VF usually has no preceding symptoms. The prognosis is unfavorable, and patients have a recurrence rate of as much as 33%. Conversely, idiopathic VT is generally associated with a benign prognosis.
The most common form of idiopathic VT originates from the RV outflow tract (RVOT) and has a left bundle-branch block/inferior or right axis morphology. Idiopathic VTs that originate from the LV outflow tract (LVOT), aortic root, or LV septum are less common. Idiopathic VT is often provoked by exercise.
Treatment has included beta-blockers or calcium channel blockers; however, at present, radiofrequency ablation of the VT focus is generally very effective for idiopathic VT. Patients with idiopathic VF are typically treated with ICDs.
RVOT tachycardia
RVOT tachycardia is the most common form of idiopathic VT, comprising 70-80% of all idiopathic VTs. RVOT tachycardia is a rare cause of VF. It has been referred to as exercise-induced VT, adenosine-sensitive VT, and repetitive monomorphic VT.
RVOT tachycardia occurs in patients without structural heart disease and arises from the RV outflow region. Current data suggest that triggered activity is the underlying mechanism of RVOT tachycardia. RVOT tachycardia is believed to be receptor mediated because exogenous and endogenous adenosine can terminate this process. Maneuvers that increase endogenous acetylcholine antagonize this process.
Symptoms typical of RVOT tachycardia include palpitations and presyncope or syncope, often occurring during or after exercise or emotional stress. VT can also occur at rest. The ECG during VT displays a left bundle-branch block/inferior axis morphology.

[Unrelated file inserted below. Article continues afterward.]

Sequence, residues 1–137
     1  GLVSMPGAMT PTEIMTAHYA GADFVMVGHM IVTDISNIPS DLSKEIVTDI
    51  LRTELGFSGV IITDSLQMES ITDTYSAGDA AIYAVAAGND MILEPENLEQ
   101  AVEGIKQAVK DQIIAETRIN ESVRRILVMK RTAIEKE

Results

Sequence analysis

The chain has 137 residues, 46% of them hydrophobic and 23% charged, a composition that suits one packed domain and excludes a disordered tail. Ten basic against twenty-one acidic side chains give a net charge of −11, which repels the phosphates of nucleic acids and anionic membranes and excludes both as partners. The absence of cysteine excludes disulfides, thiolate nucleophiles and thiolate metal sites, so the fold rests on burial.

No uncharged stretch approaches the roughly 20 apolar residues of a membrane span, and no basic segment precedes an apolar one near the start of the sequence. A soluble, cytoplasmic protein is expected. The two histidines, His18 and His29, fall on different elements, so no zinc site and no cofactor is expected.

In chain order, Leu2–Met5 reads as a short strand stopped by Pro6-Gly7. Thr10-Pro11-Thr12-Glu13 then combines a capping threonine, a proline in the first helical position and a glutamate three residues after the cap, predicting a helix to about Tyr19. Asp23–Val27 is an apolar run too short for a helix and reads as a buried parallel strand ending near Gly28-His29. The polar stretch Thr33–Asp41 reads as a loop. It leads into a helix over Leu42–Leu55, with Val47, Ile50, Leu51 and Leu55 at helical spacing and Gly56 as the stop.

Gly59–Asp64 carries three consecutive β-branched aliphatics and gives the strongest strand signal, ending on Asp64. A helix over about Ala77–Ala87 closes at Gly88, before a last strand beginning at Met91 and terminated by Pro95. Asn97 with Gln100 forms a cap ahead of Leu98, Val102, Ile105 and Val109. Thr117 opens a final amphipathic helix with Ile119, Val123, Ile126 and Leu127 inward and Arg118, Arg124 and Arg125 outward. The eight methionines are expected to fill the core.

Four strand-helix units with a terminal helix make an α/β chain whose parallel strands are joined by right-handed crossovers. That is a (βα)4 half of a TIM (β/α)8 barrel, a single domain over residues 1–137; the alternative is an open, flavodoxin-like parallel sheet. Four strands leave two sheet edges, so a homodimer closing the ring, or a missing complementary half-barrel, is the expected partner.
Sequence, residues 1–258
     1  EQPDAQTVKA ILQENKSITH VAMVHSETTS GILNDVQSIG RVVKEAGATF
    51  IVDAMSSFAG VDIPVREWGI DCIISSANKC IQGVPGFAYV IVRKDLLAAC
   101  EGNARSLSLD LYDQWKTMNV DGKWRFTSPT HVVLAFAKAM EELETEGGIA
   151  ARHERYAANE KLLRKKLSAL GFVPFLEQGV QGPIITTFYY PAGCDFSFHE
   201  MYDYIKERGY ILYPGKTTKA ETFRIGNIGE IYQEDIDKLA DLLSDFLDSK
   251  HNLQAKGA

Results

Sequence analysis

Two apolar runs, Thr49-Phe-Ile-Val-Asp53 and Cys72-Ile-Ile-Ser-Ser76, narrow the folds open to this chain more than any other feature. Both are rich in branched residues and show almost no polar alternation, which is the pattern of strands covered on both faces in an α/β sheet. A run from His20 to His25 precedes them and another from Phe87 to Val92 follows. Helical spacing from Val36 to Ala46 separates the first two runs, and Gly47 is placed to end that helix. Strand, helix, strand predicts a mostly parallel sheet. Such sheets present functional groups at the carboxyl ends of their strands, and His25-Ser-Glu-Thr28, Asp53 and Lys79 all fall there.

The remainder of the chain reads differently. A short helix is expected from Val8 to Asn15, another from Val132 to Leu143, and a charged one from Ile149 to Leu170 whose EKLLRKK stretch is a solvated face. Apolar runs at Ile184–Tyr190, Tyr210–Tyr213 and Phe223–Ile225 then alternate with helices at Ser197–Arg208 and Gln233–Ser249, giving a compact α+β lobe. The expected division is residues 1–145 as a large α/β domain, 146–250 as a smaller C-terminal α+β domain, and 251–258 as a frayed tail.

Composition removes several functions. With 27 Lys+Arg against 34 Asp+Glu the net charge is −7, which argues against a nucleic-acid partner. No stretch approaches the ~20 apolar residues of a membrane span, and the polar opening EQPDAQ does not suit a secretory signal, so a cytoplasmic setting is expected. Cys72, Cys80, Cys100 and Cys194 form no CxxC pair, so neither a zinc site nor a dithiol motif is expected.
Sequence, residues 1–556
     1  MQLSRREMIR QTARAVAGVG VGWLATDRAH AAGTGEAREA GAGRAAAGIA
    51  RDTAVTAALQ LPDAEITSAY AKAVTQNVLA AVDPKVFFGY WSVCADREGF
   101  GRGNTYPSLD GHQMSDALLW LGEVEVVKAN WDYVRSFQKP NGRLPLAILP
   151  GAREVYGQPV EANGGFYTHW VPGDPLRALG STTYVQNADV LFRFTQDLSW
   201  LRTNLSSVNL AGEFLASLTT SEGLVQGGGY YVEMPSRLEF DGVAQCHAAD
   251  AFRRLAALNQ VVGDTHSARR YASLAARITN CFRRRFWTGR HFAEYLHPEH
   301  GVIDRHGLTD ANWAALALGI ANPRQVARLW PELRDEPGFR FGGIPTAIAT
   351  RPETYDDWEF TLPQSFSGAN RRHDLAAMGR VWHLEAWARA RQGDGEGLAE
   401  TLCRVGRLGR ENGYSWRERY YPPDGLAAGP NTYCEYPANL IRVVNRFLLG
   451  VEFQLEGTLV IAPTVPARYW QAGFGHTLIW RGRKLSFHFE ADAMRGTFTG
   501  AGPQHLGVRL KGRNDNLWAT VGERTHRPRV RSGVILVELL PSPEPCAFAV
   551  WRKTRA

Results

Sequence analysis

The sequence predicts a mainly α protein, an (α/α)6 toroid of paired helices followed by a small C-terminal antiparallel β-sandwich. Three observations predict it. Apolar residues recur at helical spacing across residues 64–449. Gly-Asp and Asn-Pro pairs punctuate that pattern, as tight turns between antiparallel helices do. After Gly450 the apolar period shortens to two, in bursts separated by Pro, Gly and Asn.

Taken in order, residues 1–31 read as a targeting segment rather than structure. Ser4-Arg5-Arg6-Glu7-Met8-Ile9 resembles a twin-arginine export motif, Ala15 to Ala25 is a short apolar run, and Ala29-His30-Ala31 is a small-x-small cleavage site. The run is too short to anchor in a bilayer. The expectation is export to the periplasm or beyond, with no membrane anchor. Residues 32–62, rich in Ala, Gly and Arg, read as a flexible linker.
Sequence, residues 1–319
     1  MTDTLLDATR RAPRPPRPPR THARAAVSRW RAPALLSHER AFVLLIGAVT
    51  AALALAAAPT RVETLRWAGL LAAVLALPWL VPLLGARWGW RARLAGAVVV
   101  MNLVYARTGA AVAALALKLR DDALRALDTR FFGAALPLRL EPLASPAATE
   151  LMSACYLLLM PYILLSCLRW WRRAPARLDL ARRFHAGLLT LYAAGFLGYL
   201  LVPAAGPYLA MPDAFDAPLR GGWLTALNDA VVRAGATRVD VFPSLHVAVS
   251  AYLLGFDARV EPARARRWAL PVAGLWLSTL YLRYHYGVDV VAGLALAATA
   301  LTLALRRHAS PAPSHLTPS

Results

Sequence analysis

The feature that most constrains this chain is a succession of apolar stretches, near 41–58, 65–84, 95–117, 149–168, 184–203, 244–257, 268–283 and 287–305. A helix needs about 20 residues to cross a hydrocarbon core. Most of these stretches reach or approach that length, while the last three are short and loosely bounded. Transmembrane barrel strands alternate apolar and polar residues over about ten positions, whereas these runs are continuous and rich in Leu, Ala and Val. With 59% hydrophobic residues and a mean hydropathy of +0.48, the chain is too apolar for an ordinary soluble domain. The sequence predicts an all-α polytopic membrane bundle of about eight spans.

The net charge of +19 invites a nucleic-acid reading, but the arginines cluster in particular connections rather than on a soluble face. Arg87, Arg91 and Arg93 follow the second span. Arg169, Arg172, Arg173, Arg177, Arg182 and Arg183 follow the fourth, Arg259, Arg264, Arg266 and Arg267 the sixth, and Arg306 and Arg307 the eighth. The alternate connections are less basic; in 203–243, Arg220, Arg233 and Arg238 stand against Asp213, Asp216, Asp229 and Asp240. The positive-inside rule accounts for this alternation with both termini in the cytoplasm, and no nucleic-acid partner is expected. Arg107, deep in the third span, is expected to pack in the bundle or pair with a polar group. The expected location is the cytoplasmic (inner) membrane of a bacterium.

Treatment is based on frequency and severity of symptoms. The first line of therapy is a beta-blocker or calcium channel blocker. Patients with symptoms not relieved by medical therapy are best treated with radiofrequency catheter ablation. Successful ablation is reported in 83-100% of cases.
Lown-Ganong-Levine syndrome
This syndrome is characterized by tachyarrhythmias, short PR interval, and normal QRS duration.
Most of these patients appear to have enhanced atrioventricular (AV) nodal conduction and "typical" supraventricular tachycardia (usually AV nodal reentrant tachycardia or, less commonly, AV nodal tachycardia using a concealed accessory pathway).
Some patients may have a rapidly anterograde-conducting accessory AV connection, which theoretically poses a risk of extremely rapid rates and degeneration to VF.
Pulmonary embolism is a frequent cause of sudden death in people at risk. Risk factors include previous personal or family history of deep venous thromboembolism, malignancy, hypercoagulable states, and recent mechanical trauma such as hip or knee surgery. Patients with pulmonary embolism can develop fatal ventricular arrhythmias (eg, VF) due to hemodynamic collapse and/or severe hypoxia.
Aortic dissection or aneurysmal rupture is a rather uncommon but significant cause of out-of-hospital cardiac arrest. Predisposing factors for aortic dissection include genetic deficiencies of collagen such as Marfan syndrome, Ehlers-Danlos syndrome, and aortic cystic medial necrosis. VF may be an observed finding at the scene of an aortic aneurysmal rupture.